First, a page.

Much has been written about the rise in popularity of podcasts, but little has been said of their potential to act as an effective platform for branded content [read our writer Philippa Edwards' piece analysing this subject here]. They have remained largely absent from marketing strategies, despite offering the kind of habit-forming content that consumers dream of.
Much of their popularity lies in the versatility of the medium. There are no set lengths, no particular time frames in which a podcast should be listened to, just an ever-expanding library of reportage, comedy and storytelling. And while few people have the time or patience to read long-form journalism, they do have the time to listen to podcasts in bite-sized chunks, especially during their commute to work or during moments of relaxation.
It is this timelessness that is one of the medium’s greatest attributes. What’s more, the very nature of podcasts (often serialised around a particular niche or craft) creates the kind of communities that brands are keen to tap in to. And when combined with the intimacy of audio, the bonds between hosts and listeners, and the fact that listening can be carried out as a secondary activity, the allure of podcasts only increases.
Spotify is now bringing its personalised technology to enhance the user experience for its 200 million users. It intends to make its app interface more accessible and user-friendly, and the content it will recommend to individuals will be more applicable. There is one more big change, the company intends to do more collaborations with podcast creators for ‘Spotify only’ content. The big thing for brands will be the news that spotify will be selling ad space within podcasts as an added revenue stream—a testament to the increasingly popular form of audio programming and one which Spotify think brands will want to be a part of.
While the industry has yet to establish the best way to measure listening, the numbers alone are enticing. In March last year, Apple Podcasts passed 50 billion all-time episode downloads and streams, with 525,000 active shows. That’s 18.5 million episodes. Meanwhile, the number of people in the US who listen to at least one podcast a month is estimated to be around the 73 million mark, with that number only set to rise.
So why have only a handful of brands embraced what is undoubtedly a rising trend? Brands such as General Electric, which teamed up with Panoply to create the science fiction-meets-real-science series The Message, and MasterCard, which launched Fortune Favours the Bold in partnership with Gimlet represent exceptions, rather than the rule.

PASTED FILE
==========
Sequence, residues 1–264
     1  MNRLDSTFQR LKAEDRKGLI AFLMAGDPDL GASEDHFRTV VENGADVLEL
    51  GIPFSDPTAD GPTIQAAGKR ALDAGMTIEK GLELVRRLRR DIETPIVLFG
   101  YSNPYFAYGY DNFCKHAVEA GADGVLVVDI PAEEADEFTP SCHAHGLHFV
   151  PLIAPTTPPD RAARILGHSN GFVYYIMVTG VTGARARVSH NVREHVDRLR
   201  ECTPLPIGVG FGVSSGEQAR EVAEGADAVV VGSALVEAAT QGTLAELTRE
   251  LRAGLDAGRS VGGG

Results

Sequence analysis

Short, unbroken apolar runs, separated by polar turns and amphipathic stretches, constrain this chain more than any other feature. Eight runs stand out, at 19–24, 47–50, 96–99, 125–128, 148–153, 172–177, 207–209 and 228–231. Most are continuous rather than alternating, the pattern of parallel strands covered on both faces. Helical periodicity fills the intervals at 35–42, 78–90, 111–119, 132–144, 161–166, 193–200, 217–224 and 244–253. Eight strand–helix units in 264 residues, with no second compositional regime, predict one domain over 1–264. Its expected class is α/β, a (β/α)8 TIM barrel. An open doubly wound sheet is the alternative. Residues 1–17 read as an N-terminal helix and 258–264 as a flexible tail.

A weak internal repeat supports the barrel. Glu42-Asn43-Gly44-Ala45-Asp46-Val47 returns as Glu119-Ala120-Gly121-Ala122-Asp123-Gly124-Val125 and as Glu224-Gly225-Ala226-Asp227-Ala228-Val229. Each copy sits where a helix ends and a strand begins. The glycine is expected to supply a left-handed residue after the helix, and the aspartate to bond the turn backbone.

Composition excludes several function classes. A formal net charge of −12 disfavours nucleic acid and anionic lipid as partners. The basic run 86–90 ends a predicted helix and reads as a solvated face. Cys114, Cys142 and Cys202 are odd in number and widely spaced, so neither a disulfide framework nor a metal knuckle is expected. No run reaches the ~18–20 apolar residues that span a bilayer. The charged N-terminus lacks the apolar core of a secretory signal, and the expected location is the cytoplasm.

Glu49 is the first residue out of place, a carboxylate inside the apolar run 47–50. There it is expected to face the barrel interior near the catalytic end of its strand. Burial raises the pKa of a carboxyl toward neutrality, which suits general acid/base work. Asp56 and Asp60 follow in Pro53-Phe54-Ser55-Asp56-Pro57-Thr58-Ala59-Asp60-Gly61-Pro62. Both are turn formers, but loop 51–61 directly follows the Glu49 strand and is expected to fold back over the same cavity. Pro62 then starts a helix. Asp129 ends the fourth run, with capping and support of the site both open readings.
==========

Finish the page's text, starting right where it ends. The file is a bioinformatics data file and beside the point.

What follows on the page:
If a primary focus of modern marketing is content, then why are podcasts being largely ignored? After all, Don’t they fall almost perfectly into the advertising world’s love of branded content? As the likes of Serial (an investigative podcast hosted by Sarah Koenig that narrates a non-fiction story over multiple episodes) have shown, when it comes to superbly crafted storytelling, podcasts take some beating.
Most brands’ involvement in podcasts have so far been limited to sponsorships or regular advertising spots, but it’s time to delve deeper. We’re not talking one-off pieces of communication here. We’re talking consistent, long-term storytelling. The kind of narrative that can propel a brand into the popular imagination. Because podcasts not only offer the opportunity for brands to curate their own content, they provide a new path towards engagement, amplifying a brand’s story and opening the door to popular culture.
Isn’t that what brands want? To be a part of the culture around them? To find an audience of like-minded individuals? To add value to a brand’s positioning and values?
This isn’t about long-form advertising, but it is about long-term consumption of advertising along with brand loyalty. This is an opportunity to dive into the nuance and diversity of a brand’s mission. There are rewards for those brands that realise this, and soon, especially in Asia where audio carries a lot of appeal.
The advantage of being able to listen to podcasts on mobile phones cannot be underestimated, and it automatically leads to a massive reach that brands strive to achieve. But there should also be a realization that the content will require relevance, entertainment, a high level of production, and the avoidance of overt messaging.
This is the year of podcasts, and those who ignore this platform will eventually lose out. The brands who will benefit the most are those that make the first-mover advantage towards this space now.
Huma Qureshi is regional director of PR and corporate communications for Grey Group Asia Pacific, Middle East & Africa. The views expressed are her own and do not necessarily reflect those of her employer.